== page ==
We need more of these: Foreign citizens making big investments in U.S. in exchange for green cards

At the WaPo, Foreign citizens making big investments in U.S. in exchange for green cards

The EB-5 program is booming in popularity, driven largely by a struggling U.S. economy in which developers are searching for new sources of capital. It is also fueled by rising demand from foreigners looking for access to U.S. schools, safe investment in U.S. projects and — in the case of China, where most of the investors are from — greater freedom.

The program has broad bipartisan support in Congress, and key senators who are negotiating an overhaul of the immigration system have said they are leaning toward expanding visa programs that provide an immediate boost to the economy.

Since the EB-5 program began in 1992, more than 29,000 people have received visas, foreigners have invested more than $6.8 billion and 50,000 American jobs have been created, U.S. officials said.

IF (big “if”) the government can carry out this program in such a way that real investors are bringing thriving businesses, there’s only thing to say:

More cowbell!

In other immigration news,
Texas taxpayers spent at least $250 million last year in state prison and health care costs for illegal immigrants.

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4 Responses to “We need more of these: Foreign citizens making big investments in U.S. in exchange for green cards”

  1. Outspoken Red Says:

    Not so fast, Fausta. I can only speak for my own experience in my little corner of the country, but I know for a fact that certain peoples from an Asian country (to be unidentified here) are cheating this system. Fellow Asian countrymen already in the U.S., whether individuals or businesses, will deposit funds into the prospective immigrant’s checking account and leave it there until the visa process has run its course. Then, once the “coast is clear,” the newly adorned “investor” will pay the money back. In actuality, the investor has very little money to his/her name, and they take a low-level management job with one of these Asian companies (as planned all along).

  2. Fausta Says:

    Interesting situation, Red!
    they take a low-level management job
    Are they actually qualified for those jobs?
    Do they become citizens? Is this a way to make the naturalization process more efficient?

  3. Outspoken Red Says:

    Honestly, I’ve found the basic denominator is that they all stick together. The Asians will hire these folks for jobs or even create a position because they are friends or relatives or simply, “their countrymen.” Perhaps they meet the qualifications, perhaps not. Well, I guess I can understand sticking together–put yourself in their shoes where you are living in another country speaking a second language. You tend to flock to your “kind.” However, none of this excuses the cheating, in my opinion. I know many of these people, like many south of border Hispanics, simply long to come to America! And both are cheating to get here, only in different fashions.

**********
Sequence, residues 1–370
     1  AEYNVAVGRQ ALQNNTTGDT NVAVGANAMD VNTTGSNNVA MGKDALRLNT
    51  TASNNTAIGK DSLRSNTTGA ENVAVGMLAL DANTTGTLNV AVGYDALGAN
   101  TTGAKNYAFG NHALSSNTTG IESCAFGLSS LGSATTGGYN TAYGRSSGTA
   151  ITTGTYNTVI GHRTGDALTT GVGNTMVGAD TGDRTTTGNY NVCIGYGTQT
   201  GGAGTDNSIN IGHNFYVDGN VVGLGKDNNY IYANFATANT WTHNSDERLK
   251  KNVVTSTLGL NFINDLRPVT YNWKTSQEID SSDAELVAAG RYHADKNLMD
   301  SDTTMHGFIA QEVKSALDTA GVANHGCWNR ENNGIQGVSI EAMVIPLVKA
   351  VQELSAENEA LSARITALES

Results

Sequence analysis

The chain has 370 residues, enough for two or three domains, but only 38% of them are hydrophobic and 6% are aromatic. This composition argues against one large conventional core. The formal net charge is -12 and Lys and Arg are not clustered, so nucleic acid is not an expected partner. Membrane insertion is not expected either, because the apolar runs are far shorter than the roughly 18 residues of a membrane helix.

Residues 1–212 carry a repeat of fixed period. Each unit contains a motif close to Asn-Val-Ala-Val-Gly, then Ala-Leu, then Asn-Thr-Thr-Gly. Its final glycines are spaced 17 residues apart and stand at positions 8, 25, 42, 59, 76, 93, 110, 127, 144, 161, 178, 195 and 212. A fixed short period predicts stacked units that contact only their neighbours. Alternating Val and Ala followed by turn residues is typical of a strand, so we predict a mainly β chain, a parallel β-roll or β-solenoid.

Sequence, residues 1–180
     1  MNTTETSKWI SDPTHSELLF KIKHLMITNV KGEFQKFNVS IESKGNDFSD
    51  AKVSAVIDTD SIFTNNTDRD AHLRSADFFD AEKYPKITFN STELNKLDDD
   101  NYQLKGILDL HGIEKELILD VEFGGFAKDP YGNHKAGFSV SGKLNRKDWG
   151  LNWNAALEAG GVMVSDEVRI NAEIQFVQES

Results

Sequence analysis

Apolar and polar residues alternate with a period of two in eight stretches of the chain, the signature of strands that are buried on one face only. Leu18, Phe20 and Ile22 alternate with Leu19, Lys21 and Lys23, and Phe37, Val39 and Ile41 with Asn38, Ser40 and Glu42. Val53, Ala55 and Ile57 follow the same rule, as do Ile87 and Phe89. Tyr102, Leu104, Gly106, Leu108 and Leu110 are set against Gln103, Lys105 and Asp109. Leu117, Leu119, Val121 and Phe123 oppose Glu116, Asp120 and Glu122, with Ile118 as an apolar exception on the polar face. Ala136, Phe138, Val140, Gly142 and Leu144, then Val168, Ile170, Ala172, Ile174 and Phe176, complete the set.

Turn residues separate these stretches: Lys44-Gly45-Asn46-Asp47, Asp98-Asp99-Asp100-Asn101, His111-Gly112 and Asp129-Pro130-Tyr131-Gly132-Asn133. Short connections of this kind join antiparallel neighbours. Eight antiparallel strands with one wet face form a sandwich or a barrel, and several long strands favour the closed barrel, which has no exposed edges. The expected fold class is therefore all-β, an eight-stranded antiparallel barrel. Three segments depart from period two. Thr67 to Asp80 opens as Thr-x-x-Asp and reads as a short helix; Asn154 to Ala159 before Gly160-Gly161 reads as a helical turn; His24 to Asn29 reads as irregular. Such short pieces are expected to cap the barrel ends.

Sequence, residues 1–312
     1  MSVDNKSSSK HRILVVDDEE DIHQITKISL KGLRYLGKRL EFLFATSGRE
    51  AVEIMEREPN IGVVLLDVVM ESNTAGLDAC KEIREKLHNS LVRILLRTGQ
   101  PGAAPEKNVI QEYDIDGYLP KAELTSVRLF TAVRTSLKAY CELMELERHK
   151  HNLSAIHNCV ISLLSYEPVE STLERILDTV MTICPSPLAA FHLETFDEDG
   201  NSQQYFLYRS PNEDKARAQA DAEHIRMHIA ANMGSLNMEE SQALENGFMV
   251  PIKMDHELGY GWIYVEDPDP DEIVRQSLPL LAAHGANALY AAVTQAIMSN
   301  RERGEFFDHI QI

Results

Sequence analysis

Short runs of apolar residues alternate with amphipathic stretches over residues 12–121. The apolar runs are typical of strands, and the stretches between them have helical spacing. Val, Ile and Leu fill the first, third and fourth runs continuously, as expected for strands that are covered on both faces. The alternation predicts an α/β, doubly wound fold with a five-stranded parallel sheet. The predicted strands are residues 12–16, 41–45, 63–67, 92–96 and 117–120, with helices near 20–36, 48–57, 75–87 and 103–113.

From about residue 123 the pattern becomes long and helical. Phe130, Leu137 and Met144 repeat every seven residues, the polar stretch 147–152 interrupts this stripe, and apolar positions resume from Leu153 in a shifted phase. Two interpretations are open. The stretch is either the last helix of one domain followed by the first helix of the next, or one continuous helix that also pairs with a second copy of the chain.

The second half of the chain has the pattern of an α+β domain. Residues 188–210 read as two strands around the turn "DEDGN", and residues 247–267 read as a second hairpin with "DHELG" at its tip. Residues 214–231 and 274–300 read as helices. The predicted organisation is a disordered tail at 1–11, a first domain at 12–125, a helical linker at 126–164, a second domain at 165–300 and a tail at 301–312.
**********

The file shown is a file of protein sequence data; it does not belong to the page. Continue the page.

Some people eventually get a LPR green card and some of them may become US citizens (though some are reluctant to do so and thus give up their citizenship back home).

    The investor visa is not the only one I’ve seen like this. There’s another one for “skilled” professionals, I think it is H1B. The premise is that your company claims it needs to recruit these foreigners because you can’t find a suitable candidate here in the U.S. (though this is not strictly monitored by our govt.). The employer must advertise the position to show that there were no candidates suitable (well, just make sure you advertise through some media bound to get you no good candidates!). Then show you are financially able to pay the candidate the prevailing wage for this professional occupation (again, I don’t think UCIS subsequently audits to see if you actually paid them that wage–so, most employers pay them LESS than what they claimed they would). Get everything approved, pay some fees, and there you have it. Another visa process that is taken advantage of.

    I personally feel that we need a greatly overhauled guest worker program. Competition is good for us N. Americans; we need to stop crying that the foreigners are taking our jobs, whether it be farm work or engineering. But I also know that once a foreigner arrives on this soil, particularly legally and with a visa that was meant to be temporary in duration, then it is highly unlikely they will be forced to leave the country–and that is wrong, too.

  4. Outspoken Red Says:

    And let me say again that I have observed some of these things on a limited basis (I’m not an accomplice!!), but I have heard that it is quite common.